Wed, March 17, 2010
China > Mainland

Officials sacked over coal mine fire tragedy

2010-03-17 00:15:19 GMT2010-03-17 08:15:19 (Beijing Time)  China Daily

XINMI, Henan province: A coal mine fire in central China's Henan province killed 25 miners overnight on Tuesday, leading to the removal of four local government officials.

The incident began as electric cables caught fire at 8:30 pm on Monday in a main pit of Dongxing Coal Mining Co in Xinmi city in Zhengzhou, the capital of Henan, when 31 workers were working underground, according to the information office of Zhengzhou municipal government.

Six miners were saved in a rescue operation that ended at about 2 am on Tuesday.

The dead miners were identified as migrants from the provinces of Henan, Anhui and Sichuan.

Family members of the miners arrived in the city after hearing the news, only to learn of the loss of their loved ones.

The amount of compensation to be paid to their families is still being negotiated, said Chen Xiaoying, 37, wife of Wang Hongen, who died in the accident.

Wang, a 42-year-old miner from nearby Xingyang city, was the only source of income for his family, which included his wife, two teenage sons and an 80-year-old mother.

A coal miner in Henan usually earns a monthly wage of about 2,000 yuan ($290).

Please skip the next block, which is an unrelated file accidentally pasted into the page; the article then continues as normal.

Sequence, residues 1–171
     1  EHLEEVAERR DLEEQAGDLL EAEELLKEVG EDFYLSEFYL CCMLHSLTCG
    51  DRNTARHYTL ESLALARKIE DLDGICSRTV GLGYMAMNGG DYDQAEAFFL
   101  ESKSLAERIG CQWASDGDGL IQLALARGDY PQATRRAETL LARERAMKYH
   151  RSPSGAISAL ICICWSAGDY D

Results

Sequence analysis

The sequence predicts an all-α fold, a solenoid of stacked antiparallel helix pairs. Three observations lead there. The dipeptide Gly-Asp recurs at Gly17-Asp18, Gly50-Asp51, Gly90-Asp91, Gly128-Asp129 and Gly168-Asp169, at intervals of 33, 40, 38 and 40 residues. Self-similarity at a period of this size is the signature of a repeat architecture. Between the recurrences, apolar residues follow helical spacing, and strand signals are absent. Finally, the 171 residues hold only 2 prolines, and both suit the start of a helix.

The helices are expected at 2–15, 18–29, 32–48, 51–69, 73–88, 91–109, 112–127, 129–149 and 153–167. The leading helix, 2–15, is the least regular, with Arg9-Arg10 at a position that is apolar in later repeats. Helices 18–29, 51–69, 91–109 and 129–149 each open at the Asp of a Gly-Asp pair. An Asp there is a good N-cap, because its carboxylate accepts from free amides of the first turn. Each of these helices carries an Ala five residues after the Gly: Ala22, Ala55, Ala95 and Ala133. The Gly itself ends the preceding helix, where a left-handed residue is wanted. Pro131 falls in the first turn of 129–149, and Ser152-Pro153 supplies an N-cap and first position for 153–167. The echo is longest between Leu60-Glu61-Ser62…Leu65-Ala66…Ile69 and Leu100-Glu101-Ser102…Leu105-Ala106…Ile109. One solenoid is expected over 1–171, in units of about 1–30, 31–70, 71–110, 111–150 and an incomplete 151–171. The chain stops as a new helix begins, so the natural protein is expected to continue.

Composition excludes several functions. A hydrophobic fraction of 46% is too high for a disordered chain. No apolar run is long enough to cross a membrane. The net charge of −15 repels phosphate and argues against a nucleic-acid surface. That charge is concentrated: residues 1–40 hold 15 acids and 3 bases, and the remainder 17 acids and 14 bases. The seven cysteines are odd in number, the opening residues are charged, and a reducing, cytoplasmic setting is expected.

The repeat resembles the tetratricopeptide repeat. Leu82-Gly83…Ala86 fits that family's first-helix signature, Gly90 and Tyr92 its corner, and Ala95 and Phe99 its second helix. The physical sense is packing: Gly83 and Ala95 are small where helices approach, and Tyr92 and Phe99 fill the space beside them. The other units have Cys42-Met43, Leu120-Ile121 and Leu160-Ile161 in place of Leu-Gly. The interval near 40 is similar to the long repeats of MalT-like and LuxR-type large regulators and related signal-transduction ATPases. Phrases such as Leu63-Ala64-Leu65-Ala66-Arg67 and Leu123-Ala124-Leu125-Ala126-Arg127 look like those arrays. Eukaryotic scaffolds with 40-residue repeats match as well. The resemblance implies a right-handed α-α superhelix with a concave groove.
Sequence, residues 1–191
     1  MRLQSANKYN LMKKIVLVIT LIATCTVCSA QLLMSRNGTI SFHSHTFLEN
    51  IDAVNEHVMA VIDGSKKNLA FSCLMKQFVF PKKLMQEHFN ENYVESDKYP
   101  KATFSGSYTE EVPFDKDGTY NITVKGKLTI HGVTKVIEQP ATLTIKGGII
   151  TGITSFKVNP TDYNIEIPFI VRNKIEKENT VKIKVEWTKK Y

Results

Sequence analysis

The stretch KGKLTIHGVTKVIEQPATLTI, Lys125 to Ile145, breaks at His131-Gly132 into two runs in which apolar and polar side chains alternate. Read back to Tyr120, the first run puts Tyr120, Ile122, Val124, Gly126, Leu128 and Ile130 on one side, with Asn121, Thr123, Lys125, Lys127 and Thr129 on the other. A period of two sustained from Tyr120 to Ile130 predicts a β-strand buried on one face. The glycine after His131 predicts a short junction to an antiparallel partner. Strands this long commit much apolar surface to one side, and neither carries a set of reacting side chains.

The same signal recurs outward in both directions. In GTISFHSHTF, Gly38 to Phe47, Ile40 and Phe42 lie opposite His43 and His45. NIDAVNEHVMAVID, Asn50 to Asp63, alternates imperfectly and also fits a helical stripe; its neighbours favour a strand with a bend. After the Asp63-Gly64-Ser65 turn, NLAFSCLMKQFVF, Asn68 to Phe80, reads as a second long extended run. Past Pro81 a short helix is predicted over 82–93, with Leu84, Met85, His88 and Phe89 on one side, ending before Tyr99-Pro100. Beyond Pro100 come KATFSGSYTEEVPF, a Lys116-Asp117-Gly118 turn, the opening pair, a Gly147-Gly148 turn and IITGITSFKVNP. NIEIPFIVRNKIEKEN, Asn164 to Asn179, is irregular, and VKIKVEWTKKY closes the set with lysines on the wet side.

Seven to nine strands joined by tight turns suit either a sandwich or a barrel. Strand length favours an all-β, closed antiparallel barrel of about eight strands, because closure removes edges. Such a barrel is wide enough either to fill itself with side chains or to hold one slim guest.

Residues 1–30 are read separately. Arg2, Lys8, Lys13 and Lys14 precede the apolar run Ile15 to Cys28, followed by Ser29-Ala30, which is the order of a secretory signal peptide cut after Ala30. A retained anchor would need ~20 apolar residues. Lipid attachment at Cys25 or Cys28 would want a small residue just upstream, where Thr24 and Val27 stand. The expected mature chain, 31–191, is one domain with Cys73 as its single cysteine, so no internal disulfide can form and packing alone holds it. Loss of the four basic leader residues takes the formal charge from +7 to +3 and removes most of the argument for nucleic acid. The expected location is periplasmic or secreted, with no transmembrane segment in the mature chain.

In the wake of the accident, the local government has rushed to crack down on the relevant officials and the local Dongxing coal company that owns and runs the mine, which was banned by local authorities from producing coal and was operating illegally.

The sacked officials are: Su Yingxi, a vice-mayor of Xinmi; Fan Ruihui, governor of Niudian township where the mine is located; Zhu Xinxian, another township official in charge of work safety; and Pei Guoqi, a deputy director of Xinmi coal mine bureau.

The Xinmi government also dismissed three work safety inspectors deployed by the municipal and township governments to oversee the mine.

Fu Mancang, who funds the company, has been put under criminal detention along with three company managers. Their personal accounts and the company's accounts have been frozen.

The coal mine fire is the latest in a string of accidents, in which miners have died from exposure to fire and gas at mines under reconstruction.

Wang Shuhe, deputy director of State Administration of Coal Mine Safety, said the mine should have been undergoing repairs, but operations had resumed without a production license having been issued.

The renovations were aimed at expanding the mine's annual production capacity from 60,000 to 150,000 tons.

Mines being rebuilt are strictly banned from producing coal, but Dongxing coal company had ignored the ban by resuming production, said Wang, who also blamed a lack of supervision for the accident.

Documents from the coal mining regulatory office in Zhengzhou show that in 2009 production was prohibited at the mine over safety concerns.

Coal mining is one of Xinmi's main industries and the city has 101 mines, among which 98 are under reconstruction.

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